It’s probably not going too far to say that an observation from Harry Fletcher-Wood altered my teaching in the most dramatic way possible. In 2012, he visited my classroom and offered feedback in the gentlest manner possible – with a series of questions: ‘do you think they were focused on the work? Do you think they can handle doing everything in groups? How did you make sure everyone was working? Was anyone opting out from learning? Do you think your weakest readers were also reading in their groups?’ It was through his eyes I saw that teaching everything through group work (as I had been trained and advised to) was not working, and was not going to work.
So it is no surprise to me that Harry can see what is happening in a classroom, see how to make it better, and then kindly suggest how teachers might make that leap. I can imagine no human better placed than he to be an Associate Dean at the Ambition Institute, a body that is working to improve classrooms across the country. I am ever in awe of his humility and constant drive to learn, despite his eminent authority in education, and his most recent book, Responsive Teaching, offers much to the development of our profession.
The book opens with a typically humble introduction that identifies three main problems in the author’s past teaching practice: ‘assessment seemed to hinder learning, skills seemed more important than knowledge and Assessment for Learning seemed to be just a collection of techniques.’ He moves through addressing these problems, to considering how we can genuinely work out what children have learned and what they are struggling with, and how we can rebalance to ensure children learn both skill and knowledge in their subjects.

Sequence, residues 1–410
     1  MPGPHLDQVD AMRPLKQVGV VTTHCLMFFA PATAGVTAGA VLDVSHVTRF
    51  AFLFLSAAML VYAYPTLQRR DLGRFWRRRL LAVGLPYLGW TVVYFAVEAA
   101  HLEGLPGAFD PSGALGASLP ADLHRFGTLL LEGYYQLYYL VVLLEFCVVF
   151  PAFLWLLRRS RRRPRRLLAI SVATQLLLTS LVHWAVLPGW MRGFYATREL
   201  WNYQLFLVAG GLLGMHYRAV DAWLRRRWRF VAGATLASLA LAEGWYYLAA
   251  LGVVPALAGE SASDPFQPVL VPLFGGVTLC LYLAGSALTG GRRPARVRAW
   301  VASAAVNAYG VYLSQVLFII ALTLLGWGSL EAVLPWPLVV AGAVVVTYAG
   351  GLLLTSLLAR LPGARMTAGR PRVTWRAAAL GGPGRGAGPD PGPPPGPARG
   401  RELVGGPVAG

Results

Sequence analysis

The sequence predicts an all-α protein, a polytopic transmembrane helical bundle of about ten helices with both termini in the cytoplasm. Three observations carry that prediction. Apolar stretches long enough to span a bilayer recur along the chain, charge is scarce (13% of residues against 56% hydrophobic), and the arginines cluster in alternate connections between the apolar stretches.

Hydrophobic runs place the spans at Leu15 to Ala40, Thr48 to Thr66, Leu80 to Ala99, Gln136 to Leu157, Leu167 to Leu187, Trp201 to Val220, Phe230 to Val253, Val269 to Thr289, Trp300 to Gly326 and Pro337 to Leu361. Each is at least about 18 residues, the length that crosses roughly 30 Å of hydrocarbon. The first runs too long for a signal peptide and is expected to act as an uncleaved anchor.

Each chapter follows a clear pattern: it outlines the problem, the evidence, the key principle, the practical tools to improve classroom practice, and then the words of individual teachers reflecting on their own practice in each area.
One of the key take-aways from me were the warnings against ‘extraneous cognitive load.’ I definitely need to think harder about paring my lessons down to ensure children are focusing on the crucial aspect, rather than being overloaded by material that is not yet essential for them. I also need to script model examples more frequently – students always need to see lots more of these than I ever think they do. As Fletcher-Wood writes: ‘Overcoming ambiguity by showing what success looks like seems to particularly benefit lower-attaining students.’
One further aspect of practice outlined in Responsive Teaching that I’d like to think more carefully about is student misconceptions. At Ark Elvin Academy where I’m doing my NPQH placement, a subject expert has listed key misconceptions for every lesson the teacher delivers. It’s an incredible resource for novice teachers, or those teaching out of specialism. I think this is a hugely worthwhile task. Perhaps a group of subject experts could club together to write ‘the book of English misconceptions’, for example?
As always, I could go on, and add more detail on what I learned from this book, but to avoid plagiarism I will simply recommend this book whole-heartedly.